Archive for the ‘Venezuela’ Category

Latin America: Economist Special Report

September 19, 2010
Latin America: anti-inflation consensus and strong fx reserves  Source: vivirlatinamerica.com
Latin America: anti-inflation consensus and strong fx reserves Source: vivirlatino.com

The Economist’s lengthy Special Report on Latin America last week is worth a read (see leader below), even though it failed to emphasize and adequately explain two critical causes of the region’s recent success — 1) the consensus among Latin American politicians that conquering inflation has benefitted the poor and strengthened democracy; and 2) the massive build-up in fx reserves that has insulated the region from the global crisis, driven in part by healthy macro policies.  These issues were mentioned in passing by The Economist, but not given the focus deserved.  On the other hand, the longer articles in the Report on education, the informal economy and productivity were rich in detail and deserve a read. 

Latin America’s performance during the global economic crisis that began in 2008 was notable for the fact that the recession there was mild and the subsequent rebound robust.  One used to say that when the United States sneezed, Latin America caught the flu, but this time, the region has been inoculated against the contagion that has spread throughout the advanced economies.  In the 1980s, 90s and early 2000s, when economic shocks occurred in the advanced economies — including rising interest rates and lower prices for commodities and financial assets, this led to fiscal and balance of payments crises in Latin America, and often near or outright sovereign defaults (a la Greece).  This time, the Latins were ready.  The reason — strong fx reserves immunizing them from shifts in international capital flows.  How did they achieve this Gibraltar of reserves?  Through higher demand for their commodities from China and others, to be sure, but also through sound macro policies — floating exchange rates, an inflation-targeting monetary policy, and at least some fiscal restraint.  These policies have ensured that the balance of payments (the supply and demand of foreign exchange) adjusts to shocks, thereby bolstering investor confidence, which in turn limits capital flight during a crisis.  It’s a completely new ball game for most Latin countries.  Let’s hope they don’t let the weakest of these pillars — the commitment to fiscal prudence — slip, or they risk a return to the bad old days of boom and bust, especially when commodity prices inevitably weaken.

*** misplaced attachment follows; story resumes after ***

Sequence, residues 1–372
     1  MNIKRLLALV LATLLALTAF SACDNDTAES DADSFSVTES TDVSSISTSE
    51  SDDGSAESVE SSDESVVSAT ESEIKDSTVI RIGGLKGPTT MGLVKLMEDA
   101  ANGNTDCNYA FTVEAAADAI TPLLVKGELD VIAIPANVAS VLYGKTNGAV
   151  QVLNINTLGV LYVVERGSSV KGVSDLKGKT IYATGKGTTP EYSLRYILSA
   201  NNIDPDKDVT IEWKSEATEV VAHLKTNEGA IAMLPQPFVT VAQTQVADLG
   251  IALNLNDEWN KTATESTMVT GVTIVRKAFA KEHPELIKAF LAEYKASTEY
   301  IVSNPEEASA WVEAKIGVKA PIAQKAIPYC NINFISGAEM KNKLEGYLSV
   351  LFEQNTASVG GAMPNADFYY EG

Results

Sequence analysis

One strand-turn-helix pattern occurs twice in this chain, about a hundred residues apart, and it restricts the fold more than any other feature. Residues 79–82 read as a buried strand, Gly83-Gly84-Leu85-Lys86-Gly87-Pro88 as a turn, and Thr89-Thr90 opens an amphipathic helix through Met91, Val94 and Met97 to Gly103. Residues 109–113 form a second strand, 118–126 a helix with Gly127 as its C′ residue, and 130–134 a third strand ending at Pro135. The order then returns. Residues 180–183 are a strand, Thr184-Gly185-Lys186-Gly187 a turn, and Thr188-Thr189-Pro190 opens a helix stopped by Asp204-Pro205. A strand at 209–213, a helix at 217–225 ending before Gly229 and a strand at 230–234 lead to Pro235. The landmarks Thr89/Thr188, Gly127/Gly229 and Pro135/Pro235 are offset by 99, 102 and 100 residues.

The Economist likewise points to Latin America’s strengthening democratic institutions as providing the political stability required to promote growth.  No argument there, but I would give a lot of credit for this to the taming of the inflation monster in the region.  After years of hyperinflation, driven by fiscal deficits and monetary accommodation, Latins broke the cycle in the nineties.  When leftists subsequently came to power, the fear of a fiscally-induced return to inflation rocked the capital markets.  President Lula was a case in point (see my post on the matter).  During his election to a first term in 2002, the bond markets sold off to default spreads, but recovered early in his tenure when they realized that this leftist, former union leader, imprisoned by Brazil’s military regime in the 1970s, retained much of his predecessor’s macro policies.  He did so because he understood that his constituency, the poor, had been hurt by inflation more than any other segment in society.  You see, the poor cannot index to inflation.  The understanding of this dynamic has led to a broad consensus in Latin society on economic policy, even when political institutions are weak and ineffectual, as in Peru and Mexico and to some extent in Brazil.  Deeper reforms that would underpin improvements in productivity, education, and the state bureaucracy remain elusive.  However, the three key pillars to macroeconomic stability (and to the political consensus) — again, flexible exchange rates, inflation targeting and fiscal prudence — remain largely in place.  With GDP growth averaging 5.5% per year in the five years to 2008, the impetus to reform is currently lacking.  See my in-depth analysis of Latin democracy here in Scherblog, written during the region’s last major election cycle (2005-07), when I discussed the delicate balance between populism and reform.